Writing novels that break a mold is an interesting experience.
Most of the "reading public" expects certain things. They expect any intelligent being to think and act like humans (although interesting side-trips are allowable), they expect that the aristocracy will be in charge, they expect...
The media is based on this. When a book or movie comes along that breaks the mold, if the audience is not ready for it there is small chance that it will succeed.
Those who choose which books to publish, and which movies to produce, know this. Even if they don't consciously recognize the reasons behind it, they know that a certain book or movie, a certain idea, will be difficult to sell to the public. Since it's the public that pays the bills, they abide by it.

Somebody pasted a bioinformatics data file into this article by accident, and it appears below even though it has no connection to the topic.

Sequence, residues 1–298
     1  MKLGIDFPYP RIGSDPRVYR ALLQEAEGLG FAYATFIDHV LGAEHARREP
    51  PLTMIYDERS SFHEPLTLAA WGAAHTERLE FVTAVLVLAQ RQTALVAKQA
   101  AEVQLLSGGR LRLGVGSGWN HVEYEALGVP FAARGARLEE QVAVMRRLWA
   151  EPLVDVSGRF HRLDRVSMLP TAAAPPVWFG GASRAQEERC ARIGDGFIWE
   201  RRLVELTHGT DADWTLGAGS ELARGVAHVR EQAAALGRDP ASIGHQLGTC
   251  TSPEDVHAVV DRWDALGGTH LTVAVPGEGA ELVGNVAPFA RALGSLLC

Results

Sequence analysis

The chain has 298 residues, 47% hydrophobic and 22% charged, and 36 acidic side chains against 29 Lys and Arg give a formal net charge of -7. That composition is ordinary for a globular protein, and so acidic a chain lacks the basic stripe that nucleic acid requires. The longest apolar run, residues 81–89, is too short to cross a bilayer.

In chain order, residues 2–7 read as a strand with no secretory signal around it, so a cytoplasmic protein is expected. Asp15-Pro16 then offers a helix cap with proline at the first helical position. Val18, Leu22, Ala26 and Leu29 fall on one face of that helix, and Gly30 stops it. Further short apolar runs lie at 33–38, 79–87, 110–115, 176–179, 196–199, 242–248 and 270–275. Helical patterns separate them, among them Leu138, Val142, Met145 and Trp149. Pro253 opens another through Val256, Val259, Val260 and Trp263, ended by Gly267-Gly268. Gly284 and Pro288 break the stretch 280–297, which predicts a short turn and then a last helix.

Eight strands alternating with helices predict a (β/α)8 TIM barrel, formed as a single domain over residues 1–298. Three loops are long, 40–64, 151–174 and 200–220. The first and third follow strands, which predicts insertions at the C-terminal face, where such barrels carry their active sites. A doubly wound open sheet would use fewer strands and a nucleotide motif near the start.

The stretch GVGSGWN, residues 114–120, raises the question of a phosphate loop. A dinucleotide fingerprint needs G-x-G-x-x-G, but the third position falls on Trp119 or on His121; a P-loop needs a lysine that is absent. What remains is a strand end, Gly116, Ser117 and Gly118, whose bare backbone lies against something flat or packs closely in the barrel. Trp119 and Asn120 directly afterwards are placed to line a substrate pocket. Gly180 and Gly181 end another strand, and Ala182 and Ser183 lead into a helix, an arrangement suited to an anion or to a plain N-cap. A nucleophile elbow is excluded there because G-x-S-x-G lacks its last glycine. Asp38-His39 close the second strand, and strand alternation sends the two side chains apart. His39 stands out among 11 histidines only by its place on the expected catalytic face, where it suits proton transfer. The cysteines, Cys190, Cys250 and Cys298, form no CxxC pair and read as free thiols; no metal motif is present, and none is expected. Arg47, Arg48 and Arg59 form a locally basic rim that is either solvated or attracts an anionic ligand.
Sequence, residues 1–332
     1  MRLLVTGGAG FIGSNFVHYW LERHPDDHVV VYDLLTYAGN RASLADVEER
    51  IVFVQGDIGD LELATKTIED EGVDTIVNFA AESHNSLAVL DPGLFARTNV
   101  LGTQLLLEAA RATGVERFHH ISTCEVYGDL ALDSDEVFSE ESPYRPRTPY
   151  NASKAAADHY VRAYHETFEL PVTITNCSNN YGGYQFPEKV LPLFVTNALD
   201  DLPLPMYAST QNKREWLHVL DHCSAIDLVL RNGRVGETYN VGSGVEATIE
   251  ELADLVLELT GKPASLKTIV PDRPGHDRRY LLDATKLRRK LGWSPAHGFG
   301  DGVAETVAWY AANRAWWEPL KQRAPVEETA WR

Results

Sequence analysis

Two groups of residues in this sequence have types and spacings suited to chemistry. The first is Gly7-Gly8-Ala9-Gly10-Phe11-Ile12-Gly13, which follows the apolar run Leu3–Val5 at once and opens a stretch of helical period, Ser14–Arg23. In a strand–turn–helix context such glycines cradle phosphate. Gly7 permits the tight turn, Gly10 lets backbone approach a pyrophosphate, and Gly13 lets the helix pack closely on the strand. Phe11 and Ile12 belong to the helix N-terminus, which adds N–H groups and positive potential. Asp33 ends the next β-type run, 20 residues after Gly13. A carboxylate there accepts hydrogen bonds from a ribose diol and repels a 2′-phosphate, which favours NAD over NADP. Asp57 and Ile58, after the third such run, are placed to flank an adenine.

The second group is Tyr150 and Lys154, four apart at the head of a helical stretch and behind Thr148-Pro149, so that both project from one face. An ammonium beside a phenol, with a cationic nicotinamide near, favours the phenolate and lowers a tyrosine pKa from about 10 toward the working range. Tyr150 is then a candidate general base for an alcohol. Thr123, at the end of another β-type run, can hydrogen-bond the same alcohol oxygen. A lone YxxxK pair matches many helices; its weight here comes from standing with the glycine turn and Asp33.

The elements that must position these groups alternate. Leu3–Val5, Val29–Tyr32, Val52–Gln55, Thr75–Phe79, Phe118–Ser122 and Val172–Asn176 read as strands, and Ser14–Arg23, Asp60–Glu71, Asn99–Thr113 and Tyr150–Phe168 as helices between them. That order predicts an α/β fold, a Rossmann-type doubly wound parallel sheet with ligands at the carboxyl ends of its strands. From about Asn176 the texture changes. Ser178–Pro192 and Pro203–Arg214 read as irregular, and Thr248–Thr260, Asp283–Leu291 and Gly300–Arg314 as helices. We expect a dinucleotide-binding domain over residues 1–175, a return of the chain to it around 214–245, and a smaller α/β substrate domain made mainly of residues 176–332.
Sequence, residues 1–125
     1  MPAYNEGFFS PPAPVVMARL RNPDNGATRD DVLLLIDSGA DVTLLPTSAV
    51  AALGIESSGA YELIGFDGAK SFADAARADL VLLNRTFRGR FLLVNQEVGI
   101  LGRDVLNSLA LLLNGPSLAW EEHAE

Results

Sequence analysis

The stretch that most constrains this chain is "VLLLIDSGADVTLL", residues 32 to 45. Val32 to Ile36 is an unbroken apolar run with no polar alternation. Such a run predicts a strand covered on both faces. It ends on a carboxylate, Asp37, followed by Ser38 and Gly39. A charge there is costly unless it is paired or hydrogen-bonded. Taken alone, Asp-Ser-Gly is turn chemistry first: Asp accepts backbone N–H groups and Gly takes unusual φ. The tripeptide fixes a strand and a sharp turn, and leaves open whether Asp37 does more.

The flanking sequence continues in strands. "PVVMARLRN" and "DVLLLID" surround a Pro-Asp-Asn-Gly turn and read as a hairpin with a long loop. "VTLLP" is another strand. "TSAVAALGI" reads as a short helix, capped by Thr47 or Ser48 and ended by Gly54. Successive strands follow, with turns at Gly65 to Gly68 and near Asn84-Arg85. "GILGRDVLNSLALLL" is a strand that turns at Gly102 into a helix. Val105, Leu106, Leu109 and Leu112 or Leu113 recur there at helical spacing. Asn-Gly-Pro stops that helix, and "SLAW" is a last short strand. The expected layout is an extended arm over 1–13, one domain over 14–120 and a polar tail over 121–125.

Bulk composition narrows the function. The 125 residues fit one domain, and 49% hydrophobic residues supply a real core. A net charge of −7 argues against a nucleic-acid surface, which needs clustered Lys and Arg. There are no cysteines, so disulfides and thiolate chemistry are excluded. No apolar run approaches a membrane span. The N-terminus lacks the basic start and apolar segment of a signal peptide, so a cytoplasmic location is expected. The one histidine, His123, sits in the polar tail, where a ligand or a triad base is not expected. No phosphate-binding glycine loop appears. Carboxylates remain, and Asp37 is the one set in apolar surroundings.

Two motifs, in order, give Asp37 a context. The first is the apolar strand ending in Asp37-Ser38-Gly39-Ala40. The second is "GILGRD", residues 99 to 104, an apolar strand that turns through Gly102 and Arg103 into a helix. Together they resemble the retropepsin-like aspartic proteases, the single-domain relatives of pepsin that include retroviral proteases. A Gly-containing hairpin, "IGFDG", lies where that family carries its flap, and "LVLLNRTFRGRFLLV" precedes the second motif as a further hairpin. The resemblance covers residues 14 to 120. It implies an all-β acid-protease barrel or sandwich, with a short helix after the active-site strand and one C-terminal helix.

If things break the mold, if your aliens have different ways of thinking for example, then a great deal more explanation is necessary in order to fit that "different" into a human mold in such a way that the humans who read the book will actually understand.
Humans imagine that their way of thinking is logical, and any alteration from that "norm" is by definition illogical. That's not exactly the case, but a three page explanation of an alien's way of thinking isn't practicable either.
Trying to show those things can be even more difficult, because the humans who read automatically try to fit everything into a mold they understand.
Breaking the reader's "mold" is counterproductive. Trying to fit into the reader's mold can be even worse.